By Tank Into Normandy

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Cassell, 2003 - History - 256 pages

'One of the best half-dozen personal accounts of the Normandy campaign' - Richard Holmes

Stuart Hills embarked his Sherman DD tank on to an LCT at 6.45 a.m., Sunday 4 June 1944. He was 20 years old, unblooded, fresh from a public-school background and Officer Cadet training. He was going to war. Two days later, his tank sunk, he and his crew landed from a rubber dinghy with just the clothes they stood in. After that, the struggles through the Normandy bocage in a replacement tank (of the non-swimming variety), engaging the enemy in a constant round of close encounters, led to a swift mastering of the art of tank warfare and remarkable survival in the midst of carnage and destruction. His story of that journey through hell to victory makes for compulsive reading.

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While I'm not a massive fan of military literature this was a very fast, easy read and described well the odyssey of a very mature and capable public schoolboy who finished his campaign aged just turned 21. Much understatement but you still get the taste of battle and the sense we were 'all in it together' in the fight against Nazi Germany. Remarkably Hills recognised many of his public school contemporaries and remembered their inter-school sporting achievements, including their scores ! He also offers many examples of how the old boy ethos operated on leave, smoothing army operations and the qualities it brings to team-playing and morale. A good revealing read.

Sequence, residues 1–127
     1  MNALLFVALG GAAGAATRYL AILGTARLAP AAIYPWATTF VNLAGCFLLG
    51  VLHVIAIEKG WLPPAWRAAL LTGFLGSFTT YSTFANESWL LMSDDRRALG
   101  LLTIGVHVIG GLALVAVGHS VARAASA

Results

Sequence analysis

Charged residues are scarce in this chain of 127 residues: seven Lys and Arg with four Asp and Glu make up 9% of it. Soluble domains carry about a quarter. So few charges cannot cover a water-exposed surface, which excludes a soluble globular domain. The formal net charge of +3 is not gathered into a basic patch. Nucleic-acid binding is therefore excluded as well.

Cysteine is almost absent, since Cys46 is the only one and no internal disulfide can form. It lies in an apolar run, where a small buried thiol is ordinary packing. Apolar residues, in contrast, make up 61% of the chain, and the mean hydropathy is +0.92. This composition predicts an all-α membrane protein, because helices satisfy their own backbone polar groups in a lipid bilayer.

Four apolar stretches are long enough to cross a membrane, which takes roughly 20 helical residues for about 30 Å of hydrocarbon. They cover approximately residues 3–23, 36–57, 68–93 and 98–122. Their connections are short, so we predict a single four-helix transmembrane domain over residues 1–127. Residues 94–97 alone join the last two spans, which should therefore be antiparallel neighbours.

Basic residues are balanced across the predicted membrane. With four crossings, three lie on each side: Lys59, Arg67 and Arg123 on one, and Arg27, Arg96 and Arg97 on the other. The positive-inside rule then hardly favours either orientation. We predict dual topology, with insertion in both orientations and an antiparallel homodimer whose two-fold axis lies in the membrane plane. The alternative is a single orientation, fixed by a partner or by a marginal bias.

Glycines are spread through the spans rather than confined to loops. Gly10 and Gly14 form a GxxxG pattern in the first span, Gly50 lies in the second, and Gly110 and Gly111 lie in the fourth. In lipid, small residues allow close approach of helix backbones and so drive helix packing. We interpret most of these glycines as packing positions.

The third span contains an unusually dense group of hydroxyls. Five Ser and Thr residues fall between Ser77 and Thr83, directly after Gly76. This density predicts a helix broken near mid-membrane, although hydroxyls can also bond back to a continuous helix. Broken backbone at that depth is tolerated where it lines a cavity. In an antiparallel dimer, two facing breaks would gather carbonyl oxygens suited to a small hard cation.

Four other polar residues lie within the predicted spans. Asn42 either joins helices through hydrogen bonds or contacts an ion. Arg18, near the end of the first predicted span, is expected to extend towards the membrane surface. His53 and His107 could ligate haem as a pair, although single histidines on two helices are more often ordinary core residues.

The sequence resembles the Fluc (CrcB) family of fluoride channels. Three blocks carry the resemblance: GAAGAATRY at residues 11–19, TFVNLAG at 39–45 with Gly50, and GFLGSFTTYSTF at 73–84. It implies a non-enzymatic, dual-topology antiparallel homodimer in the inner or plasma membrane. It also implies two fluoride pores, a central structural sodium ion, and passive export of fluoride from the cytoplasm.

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About the author (2003)

Stuart Hills was 20 years old when he joined a tank regiment preparing to spearhead the D-Day landings. His parents and sister were in Hong Kong, prisoners of the Japanese, their fate unknown. One of the few surviving officers in the regiment at the end of the war, he went on to a successful business career.

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